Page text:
If all of the supportive housing units are built, the overall impact could significantly improve and even transform the service delivery systems in the state. It can have an especially positive impact on Louisiana’s struggling behavioral health system. Sadly, there is no guarantee that the units will be built.
In most communities, nonprofit developers create the housing units, usually relying on a multilayered and complex system of financing. Providers, such as local behavioral health agencies, then provide social services to residents of these units. That’s the way it would work in Los Angeles or New York. But this is New Orleans.
When the area was hit by Hurricanes Katrina and Rita and the city was evacuated, provider organizations were forced to close down. They are still struggling to get back to normal. But even before the hurricanes, few had the capacity to take on the challenges of serving an expanding supportive housing network. In addition, the nonprofit developer community was far from robust, and two years earlier, LISC had closed its New Orleans office out of frustration with the way business was (or wasn’t) done. LISC is back, but the limited developer capacity remains a pressing problem.
So who will build these units and who will provide the support services to ensure vulnerable residents can live independently and productively? Funders like the MacArthur Foundation are making significant investments—predevelopment funding, Program Related Investments, grants, and technical assistance—to strengthen the nonprofit developers in New Orleans and create a nonprofit developer network. Local leaders like Una Anderson of the New Orleans Neighborhood Development Collaborative and Kathy LaBorde of Gulf Coast Housing Partnership are collaborating with local and national funders on this effort.
But, given the urgency of the issue, our Technical Assistance Collaborative team decided to pursue a parallel strategy. Citing a plan that was successfully implemented in North Carolina, the collaborative proposed (and the Louisiana Recovery Authority adopted) a requirement that every for-profit developer plan must set aside 5 percent to 15 percent of its units for supportive housing. Since these units will be scattered throughout apartment complexes, they will require the services of mobile provider teams. The next challenge to funders is to help develop and build out provider capacity to deliver services in new ways. People like Gay LeBlanc—who heads Jefferson Parish Mental Health, one of the state’s leaders in this field—will help coordinate funder investment in building out this capacity.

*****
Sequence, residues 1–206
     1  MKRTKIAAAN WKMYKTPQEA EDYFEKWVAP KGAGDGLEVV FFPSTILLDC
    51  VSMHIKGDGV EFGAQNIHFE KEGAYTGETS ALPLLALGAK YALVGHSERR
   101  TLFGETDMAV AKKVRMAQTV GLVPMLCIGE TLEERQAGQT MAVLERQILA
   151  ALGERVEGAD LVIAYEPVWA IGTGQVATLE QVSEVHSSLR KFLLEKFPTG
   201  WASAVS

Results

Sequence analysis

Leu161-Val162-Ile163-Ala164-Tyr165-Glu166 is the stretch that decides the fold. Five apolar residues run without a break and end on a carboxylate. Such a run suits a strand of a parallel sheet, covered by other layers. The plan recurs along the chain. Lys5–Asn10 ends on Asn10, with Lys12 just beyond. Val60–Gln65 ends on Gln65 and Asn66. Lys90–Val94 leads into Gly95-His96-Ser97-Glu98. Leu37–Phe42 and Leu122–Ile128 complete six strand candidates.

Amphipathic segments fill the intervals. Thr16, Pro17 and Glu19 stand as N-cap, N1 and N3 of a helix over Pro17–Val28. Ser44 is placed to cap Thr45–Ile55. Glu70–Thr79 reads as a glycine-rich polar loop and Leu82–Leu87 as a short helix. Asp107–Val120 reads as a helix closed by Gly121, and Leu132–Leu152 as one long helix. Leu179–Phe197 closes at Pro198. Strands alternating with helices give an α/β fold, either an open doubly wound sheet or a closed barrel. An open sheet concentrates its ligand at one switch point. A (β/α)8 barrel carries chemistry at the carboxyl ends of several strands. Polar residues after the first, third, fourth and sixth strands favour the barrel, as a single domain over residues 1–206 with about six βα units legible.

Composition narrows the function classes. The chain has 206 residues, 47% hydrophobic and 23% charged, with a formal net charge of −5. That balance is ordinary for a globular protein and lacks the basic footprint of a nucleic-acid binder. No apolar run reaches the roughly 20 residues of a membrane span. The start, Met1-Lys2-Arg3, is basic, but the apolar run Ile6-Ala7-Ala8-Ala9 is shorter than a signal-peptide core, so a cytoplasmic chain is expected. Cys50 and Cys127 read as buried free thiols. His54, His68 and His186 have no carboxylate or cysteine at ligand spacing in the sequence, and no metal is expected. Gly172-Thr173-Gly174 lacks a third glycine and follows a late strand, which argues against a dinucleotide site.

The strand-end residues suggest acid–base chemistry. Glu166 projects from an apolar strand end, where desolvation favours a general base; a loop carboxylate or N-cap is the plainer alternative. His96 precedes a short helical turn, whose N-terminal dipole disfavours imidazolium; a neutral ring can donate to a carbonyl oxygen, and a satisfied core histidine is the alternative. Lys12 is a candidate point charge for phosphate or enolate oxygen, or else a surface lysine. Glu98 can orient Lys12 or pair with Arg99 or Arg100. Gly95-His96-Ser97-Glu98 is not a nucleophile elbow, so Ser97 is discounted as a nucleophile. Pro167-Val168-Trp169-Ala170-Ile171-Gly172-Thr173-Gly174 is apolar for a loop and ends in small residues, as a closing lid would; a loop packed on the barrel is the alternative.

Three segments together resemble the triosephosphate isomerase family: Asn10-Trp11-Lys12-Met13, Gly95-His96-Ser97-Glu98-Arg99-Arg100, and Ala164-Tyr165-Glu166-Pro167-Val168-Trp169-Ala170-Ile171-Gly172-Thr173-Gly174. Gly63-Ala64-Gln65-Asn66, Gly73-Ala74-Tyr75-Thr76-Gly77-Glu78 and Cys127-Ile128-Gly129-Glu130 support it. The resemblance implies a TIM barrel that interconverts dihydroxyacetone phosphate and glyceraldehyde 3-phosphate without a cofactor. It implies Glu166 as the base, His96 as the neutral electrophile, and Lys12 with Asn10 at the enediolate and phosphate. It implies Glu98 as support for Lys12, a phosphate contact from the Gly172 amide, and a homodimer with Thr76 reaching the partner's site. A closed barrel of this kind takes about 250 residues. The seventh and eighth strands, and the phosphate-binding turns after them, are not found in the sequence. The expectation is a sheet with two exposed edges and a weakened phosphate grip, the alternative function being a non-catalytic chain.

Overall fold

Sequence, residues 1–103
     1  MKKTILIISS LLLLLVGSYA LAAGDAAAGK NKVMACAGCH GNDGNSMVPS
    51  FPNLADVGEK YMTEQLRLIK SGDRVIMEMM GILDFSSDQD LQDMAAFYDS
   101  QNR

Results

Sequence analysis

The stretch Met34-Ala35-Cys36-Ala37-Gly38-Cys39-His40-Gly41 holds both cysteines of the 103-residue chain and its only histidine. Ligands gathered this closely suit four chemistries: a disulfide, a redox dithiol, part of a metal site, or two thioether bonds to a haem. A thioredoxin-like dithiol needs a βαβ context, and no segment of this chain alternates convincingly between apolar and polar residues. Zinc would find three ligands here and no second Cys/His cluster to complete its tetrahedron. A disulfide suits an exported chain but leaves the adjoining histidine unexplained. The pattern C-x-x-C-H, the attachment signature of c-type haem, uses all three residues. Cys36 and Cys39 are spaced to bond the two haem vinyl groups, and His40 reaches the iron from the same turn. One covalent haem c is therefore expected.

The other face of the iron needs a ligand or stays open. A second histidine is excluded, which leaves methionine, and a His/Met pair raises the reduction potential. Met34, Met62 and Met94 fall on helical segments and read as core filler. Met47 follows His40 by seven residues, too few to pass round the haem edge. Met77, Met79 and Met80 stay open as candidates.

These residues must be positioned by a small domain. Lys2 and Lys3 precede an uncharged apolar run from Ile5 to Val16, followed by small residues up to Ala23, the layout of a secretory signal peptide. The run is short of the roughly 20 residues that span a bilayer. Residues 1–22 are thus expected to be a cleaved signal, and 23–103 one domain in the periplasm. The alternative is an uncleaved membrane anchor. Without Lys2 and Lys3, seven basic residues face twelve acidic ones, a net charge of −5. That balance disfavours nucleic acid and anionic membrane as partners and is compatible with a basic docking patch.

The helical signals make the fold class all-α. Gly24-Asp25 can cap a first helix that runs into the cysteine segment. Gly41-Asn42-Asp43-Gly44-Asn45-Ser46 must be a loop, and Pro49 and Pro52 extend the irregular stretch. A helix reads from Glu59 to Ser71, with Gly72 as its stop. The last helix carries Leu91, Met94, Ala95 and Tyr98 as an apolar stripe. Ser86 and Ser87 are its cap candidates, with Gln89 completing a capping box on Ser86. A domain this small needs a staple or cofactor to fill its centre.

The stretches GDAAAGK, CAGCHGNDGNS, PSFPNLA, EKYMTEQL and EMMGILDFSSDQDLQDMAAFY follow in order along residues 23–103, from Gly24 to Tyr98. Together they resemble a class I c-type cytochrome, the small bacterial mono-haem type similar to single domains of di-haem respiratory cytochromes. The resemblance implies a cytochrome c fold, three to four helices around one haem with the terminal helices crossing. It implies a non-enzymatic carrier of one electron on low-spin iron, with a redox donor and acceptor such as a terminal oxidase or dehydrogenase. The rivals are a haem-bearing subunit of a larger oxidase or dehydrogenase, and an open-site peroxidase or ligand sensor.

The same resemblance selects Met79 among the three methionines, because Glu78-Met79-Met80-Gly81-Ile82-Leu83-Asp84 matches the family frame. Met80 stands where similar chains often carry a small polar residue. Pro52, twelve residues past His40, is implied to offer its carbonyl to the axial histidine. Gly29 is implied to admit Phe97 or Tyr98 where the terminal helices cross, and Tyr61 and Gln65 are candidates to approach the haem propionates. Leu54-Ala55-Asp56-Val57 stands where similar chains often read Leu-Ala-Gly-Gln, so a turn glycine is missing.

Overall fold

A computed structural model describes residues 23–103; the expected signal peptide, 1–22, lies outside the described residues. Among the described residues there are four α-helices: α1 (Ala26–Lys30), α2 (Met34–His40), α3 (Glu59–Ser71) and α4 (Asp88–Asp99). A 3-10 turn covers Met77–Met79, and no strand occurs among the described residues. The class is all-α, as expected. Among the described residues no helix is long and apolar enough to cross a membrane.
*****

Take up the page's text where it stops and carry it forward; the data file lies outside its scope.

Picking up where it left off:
Not surprisingly, we have found that what works for supportive housing can be modified and applied to a wide variety of affordable housing models. (Supportive housing is, after all, just a particular form of service-enriched affordable housing.) Creating the foundation for an effective supportive housing system strengthens developer and provider capacity across the board. It’s no accident that as we’ve seen supportive housing gain traction across the country, there has been a concomitant surge of interest in providing resident services in many other affordable housing settings. If access to services works for the most vulnerable, why stop there? If empowerment is in a foundation’s mission statement, then providing opportunities to individuals and families who could benefit from thoughtful and strategic support and intervention is surely a logical thing to do.
More and more funders are asking not only “What can we do to help?” but also “What can we do to move people along, to really help them become self-reliant?” We’ve found in many communities that on-site housing services that provide residents with employment and financial counseling, literacy and computer training, and a wide range of educational and social activities strengthen families and build independence. In New Orleans, we have a chance to apply these best practices on a major scale and turn a disastrous experience into a significant social advance. This is certainly why so many funders have found New Orleans and the Gulf Coast so challenging and compelling.
New Orleans alone needs to build or renovate 100,000 units of affordable housing for those who want to come home. In the process, there are tremendous opportunities here for transformative change—change that holds on to the good in a culture and a community, while making the day-to-day far better for many people than what it was before. Philanthropy, working with the people of New Orleans, can set the table for such change. If you’re interested in joining us, please contact one of the sources below:
Greater New Orleans Community Foundation